The people are resisting
The people are resisting in Venezuela, the Honduran people fought with incredible heroism, before the electoral farce mounted by “the embassy” in Tegucigalpa. Three months have passed since the proclamation of the triumph of Juan O. Hernández and the people remain in the streets protesting that obscene electoral robbery. As did the Mexicans before, for months, because of the robbery perpetrated against Andrés Manuel López Obrador in the 2012 elections. People who support the progressive and left candidates in Mexico (again with López Obrador) and in Colombia (Gustavo Petro); have displayed, as was shown in Chile with their abstention, their rejection of the electoral fraud mounted in the presidential elections.
The people are resisting also in Brazil, where Michel Temer, is the most unpopular president in recent history (with a level of approval of 3%, while his negative image is around 75%) and fight for honest elections with Lula as a candidate . And in Peru, where the government of Pedro P. Kuczinski was burdened by the evidence of the Odebrecht case and is shaken by the growing wave of discontent that runs through the country. The people in Argentina are resisting with determination and courage , placing on the defensive the government of Mauricio Macri and throwing thick shadows of doubt about the possible continuity of the government of Cambiemos after the elections of 2019.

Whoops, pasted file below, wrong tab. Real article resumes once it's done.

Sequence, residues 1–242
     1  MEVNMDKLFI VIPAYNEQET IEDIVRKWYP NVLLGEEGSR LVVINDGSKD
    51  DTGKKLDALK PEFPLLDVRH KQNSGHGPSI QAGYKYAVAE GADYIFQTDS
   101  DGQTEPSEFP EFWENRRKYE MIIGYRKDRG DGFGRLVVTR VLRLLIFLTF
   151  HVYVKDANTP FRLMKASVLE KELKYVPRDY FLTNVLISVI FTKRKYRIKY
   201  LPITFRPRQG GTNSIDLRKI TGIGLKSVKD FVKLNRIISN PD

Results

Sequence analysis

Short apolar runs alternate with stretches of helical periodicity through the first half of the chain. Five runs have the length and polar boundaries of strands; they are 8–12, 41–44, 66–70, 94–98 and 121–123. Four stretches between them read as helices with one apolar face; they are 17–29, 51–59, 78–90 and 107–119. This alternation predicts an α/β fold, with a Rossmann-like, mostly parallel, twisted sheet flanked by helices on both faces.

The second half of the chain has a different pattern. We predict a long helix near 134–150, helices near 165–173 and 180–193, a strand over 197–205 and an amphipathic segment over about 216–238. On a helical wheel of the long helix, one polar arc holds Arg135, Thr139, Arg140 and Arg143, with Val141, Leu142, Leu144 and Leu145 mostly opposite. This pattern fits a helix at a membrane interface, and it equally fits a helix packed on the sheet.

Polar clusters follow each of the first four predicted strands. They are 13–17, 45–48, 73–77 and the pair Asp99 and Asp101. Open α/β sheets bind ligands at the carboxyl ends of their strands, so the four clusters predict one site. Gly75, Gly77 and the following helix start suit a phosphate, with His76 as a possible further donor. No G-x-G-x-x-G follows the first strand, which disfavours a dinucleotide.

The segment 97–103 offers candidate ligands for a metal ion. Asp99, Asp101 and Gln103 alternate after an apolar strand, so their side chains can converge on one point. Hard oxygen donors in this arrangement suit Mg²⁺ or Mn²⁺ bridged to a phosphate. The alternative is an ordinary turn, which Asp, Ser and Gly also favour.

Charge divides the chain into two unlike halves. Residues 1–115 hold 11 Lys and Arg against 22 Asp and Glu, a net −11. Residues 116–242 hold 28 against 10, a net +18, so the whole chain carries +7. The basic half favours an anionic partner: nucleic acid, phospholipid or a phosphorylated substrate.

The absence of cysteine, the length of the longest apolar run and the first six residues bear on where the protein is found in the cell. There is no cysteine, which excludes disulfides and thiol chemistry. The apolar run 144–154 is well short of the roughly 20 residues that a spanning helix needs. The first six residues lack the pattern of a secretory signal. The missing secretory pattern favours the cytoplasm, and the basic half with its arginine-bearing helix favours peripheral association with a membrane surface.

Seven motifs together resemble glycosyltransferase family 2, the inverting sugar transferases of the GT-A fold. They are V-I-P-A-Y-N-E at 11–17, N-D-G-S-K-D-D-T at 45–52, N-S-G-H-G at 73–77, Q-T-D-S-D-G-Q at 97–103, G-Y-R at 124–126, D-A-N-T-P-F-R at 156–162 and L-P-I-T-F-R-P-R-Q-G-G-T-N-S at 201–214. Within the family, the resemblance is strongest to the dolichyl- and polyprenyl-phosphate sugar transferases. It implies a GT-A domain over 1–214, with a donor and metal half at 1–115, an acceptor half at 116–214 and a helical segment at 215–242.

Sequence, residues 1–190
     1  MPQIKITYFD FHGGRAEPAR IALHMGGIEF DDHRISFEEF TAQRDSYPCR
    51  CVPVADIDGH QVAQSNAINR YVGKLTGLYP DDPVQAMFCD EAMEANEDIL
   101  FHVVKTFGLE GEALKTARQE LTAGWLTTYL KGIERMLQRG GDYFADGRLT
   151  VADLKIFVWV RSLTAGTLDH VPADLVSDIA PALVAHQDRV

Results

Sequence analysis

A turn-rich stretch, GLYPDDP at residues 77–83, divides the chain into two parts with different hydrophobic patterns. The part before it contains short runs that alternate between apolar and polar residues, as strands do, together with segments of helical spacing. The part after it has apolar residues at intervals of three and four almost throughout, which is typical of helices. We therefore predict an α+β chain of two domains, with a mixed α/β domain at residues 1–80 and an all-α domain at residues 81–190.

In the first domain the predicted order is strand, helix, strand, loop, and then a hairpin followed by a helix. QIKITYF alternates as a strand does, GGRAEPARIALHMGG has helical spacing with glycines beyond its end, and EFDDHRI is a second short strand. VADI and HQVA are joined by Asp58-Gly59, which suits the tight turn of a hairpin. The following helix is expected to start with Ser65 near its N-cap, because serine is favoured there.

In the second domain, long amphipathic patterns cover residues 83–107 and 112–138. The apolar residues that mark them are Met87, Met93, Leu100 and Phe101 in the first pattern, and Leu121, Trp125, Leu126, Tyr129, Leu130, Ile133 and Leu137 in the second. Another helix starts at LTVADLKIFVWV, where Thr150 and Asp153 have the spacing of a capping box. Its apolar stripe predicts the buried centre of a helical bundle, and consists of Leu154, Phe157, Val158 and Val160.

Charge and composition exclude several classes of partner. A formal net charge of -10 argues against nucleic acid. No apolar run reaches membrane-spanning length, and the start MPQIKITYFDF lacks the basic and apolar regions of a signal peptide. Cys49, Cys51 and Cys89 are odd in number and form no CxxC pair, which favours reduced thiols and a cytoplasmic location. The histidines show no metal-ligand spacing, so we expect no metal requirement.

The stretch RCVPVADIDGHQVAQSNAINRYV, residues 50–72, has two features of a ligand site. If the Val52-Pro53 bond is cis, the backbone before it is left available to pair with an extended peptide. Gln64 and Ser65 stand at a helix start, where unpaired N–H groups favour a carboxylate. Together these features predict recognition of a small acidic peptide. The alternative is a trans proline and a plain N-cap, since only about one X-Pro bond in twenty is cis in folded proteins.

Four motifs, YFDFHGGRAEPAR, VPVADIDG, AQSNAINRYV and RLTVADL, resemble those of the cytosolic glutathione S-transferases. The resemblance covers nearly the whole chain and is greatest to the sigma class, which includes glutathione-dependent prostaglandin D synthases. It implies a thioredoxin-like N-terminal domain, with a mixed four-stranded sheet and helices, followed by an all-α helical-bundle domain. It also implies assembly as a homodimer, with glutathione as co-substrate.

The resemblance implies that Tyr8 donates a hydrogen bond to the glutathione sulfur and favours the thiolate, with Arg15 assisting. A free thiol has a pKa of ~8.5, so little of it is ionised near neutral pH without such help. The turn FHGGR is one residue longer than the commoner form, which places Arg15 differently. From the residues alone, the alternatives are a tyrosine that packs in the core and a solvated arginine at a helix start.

No “end of cycle”
Here is the extraordinary legacy of Chávez: he changed the conscience of the people, triumphed in the “battle of ideas” claimed by Fidel and as a result of which in Latin America and the Caribbean the right can no longer win elections, with the lonely -and surely temporary – exception of Argentina. In other countries the empire must resort to the “soft coup” as in Honduras, Paraguay, Brazil; or to the most blatant fraud, as in Honduras and Mexico; or unloading its immense media power to frighten and confuse the population, as in Bolivia, or to mediate the corruption of the government of Mauricio Macri in Argentina; or appealing to the old Colombian record of assassinating the candidates of the opposition forces, just two days ago they tried to do it with Gustavo Petro, which leads the intention to vote in the suffering and endearing Colombia. And where there are still no leftist or progressive forces that are constituted as true alternatives, in the case of Chile, the popular response is the withdrawal and repudiation of that conservative and neocolonial political leadership. Conclusion: no “end of cycle”. The struggle continues while the right tries unsuccessfully to stabilize its restoration project, which until now is just that, a project.